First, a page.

Adopted in April 1988, Article 110a of the Norwegian Constitution states: "It is the responsibility of the authorities of the State to create conditions enabling the Sami people to preserve and develop its language, culture and way of life". The Sami Language Act went into effect in the 1990s. Sámi is an official language alongside Norwegian in the "administrative area for Sámi language", that includes eight municipalities in the northern half of Norway, namely Kautokeino, Karasjok, Gáivuotna – Kåfjord – Kaivuono, Nesseby, Porsanger, Tana, Tysfjord, Lavangen and Snåsa. In 2005 Sámi, Kven, Romanes and Romani were recognised as "regional or minority languages" in Norway within the framework of the European Charter for Regional or Minority Languages.
A trilingual road sign for Jokkmokk. From top to bottom: Swedish, Lule Saami, Northern Saami
On 1 April 2000, Sami became one of five recognized minority languages in Sweden. It can be used in dealing with public authorities in the municipalities of Arjeplog, Gällivare, Jokkmokk, and Kiruna. In 2011, this list was enlarged considerably. In Sweden the University of Umeå teaches North, Ume and South Sami, and Uppsala University has courses in North, Lule and South Sami.
A quadrilingual street sign in Inari in (from top to bottom) Finnish, Northern Saami, Inari Saami, and Skolt Saami. Inari is the only municipality in Finland with 4 official languages.
Sami speakers in Finland 1980-2011.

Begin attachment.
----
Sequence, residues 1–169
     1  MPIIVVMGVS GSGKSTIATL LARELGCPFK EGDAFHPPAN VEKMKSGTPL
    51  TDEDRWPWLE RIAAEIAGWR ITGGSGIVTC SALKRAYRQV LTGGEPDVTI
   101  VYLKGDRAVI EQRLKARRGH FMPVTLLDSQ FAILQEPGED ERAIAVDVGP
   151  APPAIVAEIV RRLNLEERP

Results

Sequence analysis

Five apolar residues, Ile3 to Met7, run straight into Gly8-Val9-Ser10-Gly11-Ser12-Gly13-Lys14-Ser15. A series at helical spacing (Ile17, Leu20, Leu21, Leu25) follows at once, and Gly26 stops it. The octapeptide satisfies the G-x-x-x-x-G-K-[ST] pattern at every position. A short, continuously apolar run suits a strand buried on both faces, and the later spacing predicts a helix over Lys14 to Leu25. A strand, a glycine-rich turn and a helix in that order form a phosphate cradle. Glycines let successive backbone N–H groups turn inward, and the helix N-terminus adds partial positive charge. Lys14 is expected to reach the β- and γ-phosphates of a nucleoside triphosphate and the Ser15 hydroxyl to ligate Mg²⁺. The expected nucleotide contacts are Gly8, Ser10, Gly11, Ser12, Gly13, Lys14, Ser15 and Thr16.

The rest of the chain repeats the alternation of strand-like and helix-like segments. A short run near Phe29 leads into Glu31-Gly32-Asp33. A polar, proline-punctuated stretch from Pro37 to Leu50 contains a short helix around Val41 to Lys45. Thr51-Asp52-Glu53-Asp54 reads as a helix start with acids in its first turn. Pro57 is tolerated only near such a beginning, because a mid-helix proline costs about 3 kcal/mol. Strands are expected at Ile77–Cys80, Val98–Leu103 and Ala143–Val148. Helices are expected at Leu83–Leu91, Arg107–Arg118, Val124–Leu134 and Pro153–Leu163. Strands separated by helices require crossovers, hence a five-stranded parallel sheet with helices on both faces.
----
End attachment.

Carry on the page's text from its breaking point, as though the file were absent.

In Finland, the Sami language act of 1991 granted the Northern, Inari, and Skolt Sami the right to use their languages for all government services. The Sami Language Act of 2003 (Northern Sami: Sámi giellaláhka; Inari Sami: Säämi kielâlaahâ; Skolt Sami: Sääʹmǩiõll-lääʹǩǩ; Finnish: Saamen kielilaki; Swedish: Samisk språklag) made Sami an official language in Enontekiö, Inari, Sodankylä and Utsjoki municipalities. Some documents, such as specific legislation, are translated into these Sami languages, but knowledge of any of these Sami languages among officials is not common. As the major language in the region is Finnish, Sami speakers are essentially always bilingual with Finnish. Language nest daycares have been set up for teaching the languages to children. In education, Northern Sami, and to a more limited degree, Inari and Skolt Sami, can be studied at primary and secondary levels, both as a mothertongue (for native speakers) and as a foreign language (for non-native speakers).
In Russia, Sámi has no official status, neither on the national, regional or local level, and no formal recognition as a minority language. Sámi[specify] has been taught at the Murmansk University since 2012; before then, Sámi was taught at the Institute of Peoples of the North (Институт народов севера) in Saint Petersburg.